Project Financing of the Kwale Heavy Mineral Sands Project, Kenya

In early 2011 SRK was engaged by the potential lenders as the Independent Engineer for the Project Financing of the Kwale Heavy Mineral Sands project in Kenya owned by Base Resources (Base).

SRK put together a multi-disciplined team of engineers and scientists to review all technical, environmental, social and economic aspects of the Feasibility Study (FS) that Base had completed. Most of the review disciplines undertook a site visit in May 2011, and SRK concluded its initial review in June 2011 by issuing a full due diligence audit report to the potential lenders, including an assessment of the project against the Equator Principles.

Kwale is located approximately 50km south of Mombasa and some 10km inland. The FS envisaged a project mine life of some 13 years, mining a paleo-aeolian dune deposit using a dozer mining trap unit and processing the ore through a ‘wet’ plant to produce a heavy mineral concentrate. Further processing in a ‘dry’ plant would separate out the final products of ilmenite, rutile and zircon. Final products would then be transported by road to a newly constructed storage and ship loading facility for bulk shipments of ilmenite and rutile, while zircon product would be bagged or containerised for export through the Port of Mombasa.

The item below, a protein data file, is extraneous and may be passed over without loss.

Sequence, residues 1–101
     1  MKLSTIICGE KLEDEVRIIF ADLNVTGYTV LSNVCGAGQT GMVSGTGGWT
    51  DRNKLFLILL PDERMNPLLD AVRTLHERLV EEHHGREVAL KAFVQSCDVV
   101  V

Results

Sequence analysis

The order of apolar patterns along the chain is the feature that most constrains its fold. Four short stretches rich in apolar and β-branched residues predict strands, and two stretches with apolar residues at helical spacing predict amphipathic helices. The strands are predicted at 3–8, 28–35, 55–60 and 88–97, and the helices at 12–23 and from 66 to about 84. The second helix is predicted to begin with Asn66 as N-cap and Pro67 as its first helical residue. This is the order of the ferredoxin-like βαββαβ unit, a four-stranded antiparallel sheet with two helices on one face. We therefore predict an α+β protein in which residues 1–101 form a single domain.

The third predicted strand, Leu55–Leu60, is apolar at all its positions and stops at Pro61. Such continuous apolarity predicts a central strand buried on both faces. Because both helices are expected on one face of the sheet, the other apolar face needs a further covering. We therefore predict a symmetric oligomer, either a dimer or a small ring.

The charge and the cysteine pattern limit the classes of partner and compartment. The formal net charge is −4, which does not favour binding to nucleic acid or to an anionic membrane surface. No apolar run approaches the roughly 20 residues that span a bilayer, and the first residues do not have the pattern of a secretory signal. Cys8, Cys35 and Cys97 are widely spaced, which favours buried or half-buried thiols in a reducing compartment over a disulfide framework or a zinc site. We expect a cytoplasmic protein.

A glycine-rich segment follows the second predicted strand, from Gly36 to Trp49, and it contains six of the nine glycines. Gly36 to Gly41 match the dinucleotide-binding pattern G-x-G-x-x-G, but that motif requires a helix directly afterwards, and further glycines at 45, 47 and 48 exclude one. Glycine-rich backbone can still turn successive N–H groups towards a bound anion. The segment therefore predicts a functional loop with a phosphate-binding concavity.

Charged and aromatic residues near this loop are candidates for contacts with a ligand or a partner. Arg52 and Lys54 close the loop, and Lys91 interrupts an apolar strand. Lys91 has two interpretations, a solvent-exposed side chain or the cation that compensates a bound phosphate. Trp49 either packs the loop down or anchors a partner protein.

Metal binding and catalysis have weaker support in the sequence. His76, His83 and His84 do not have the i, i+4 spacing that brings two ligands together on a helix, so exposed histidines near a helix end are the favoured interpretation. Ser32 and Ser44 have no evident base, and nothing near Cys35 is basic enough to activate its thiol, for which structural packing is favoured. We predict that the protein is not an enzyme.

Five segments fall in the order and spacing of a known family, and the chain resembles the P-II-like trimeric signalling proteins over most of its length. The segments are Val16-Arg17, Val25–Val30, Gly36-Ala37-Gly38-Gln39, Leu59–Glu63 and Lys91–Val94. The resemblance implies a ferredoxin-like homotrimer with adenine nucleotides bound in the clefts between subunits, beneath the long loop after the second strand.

During SRK’s review of the FS, risks were identified and recommendations made for further work to be undertaken to mitigate these, prior to finalisation of the loan facility being agreed and before construction started. SRK also recommended adjustments to certain assumptions in the financial model the lenders used in assessing the project for the loan facility. Following interaction between SRK, the lender group and Base, an initial loan facility of USD170M was agreed and formally signed at the end of November 2011.

Detailed design and construction of the project commenced in late 2011 and production commenced in Q4 2013. The lender group retained SRK to monitor the project through its construction and ramp-up of production and to assess the project against Completion Test criteria. This has involved regular quarterly site visits by a technical team and review of monthly construction and operations reports produced by Base.

Undertaking the role of Independent Engineer can be difficult and challenging but has its rewards. SRK is pleased to have worked on what has become the first large-scale mining project in Kenya.

Nick Fox: nfox@srk.co.uk


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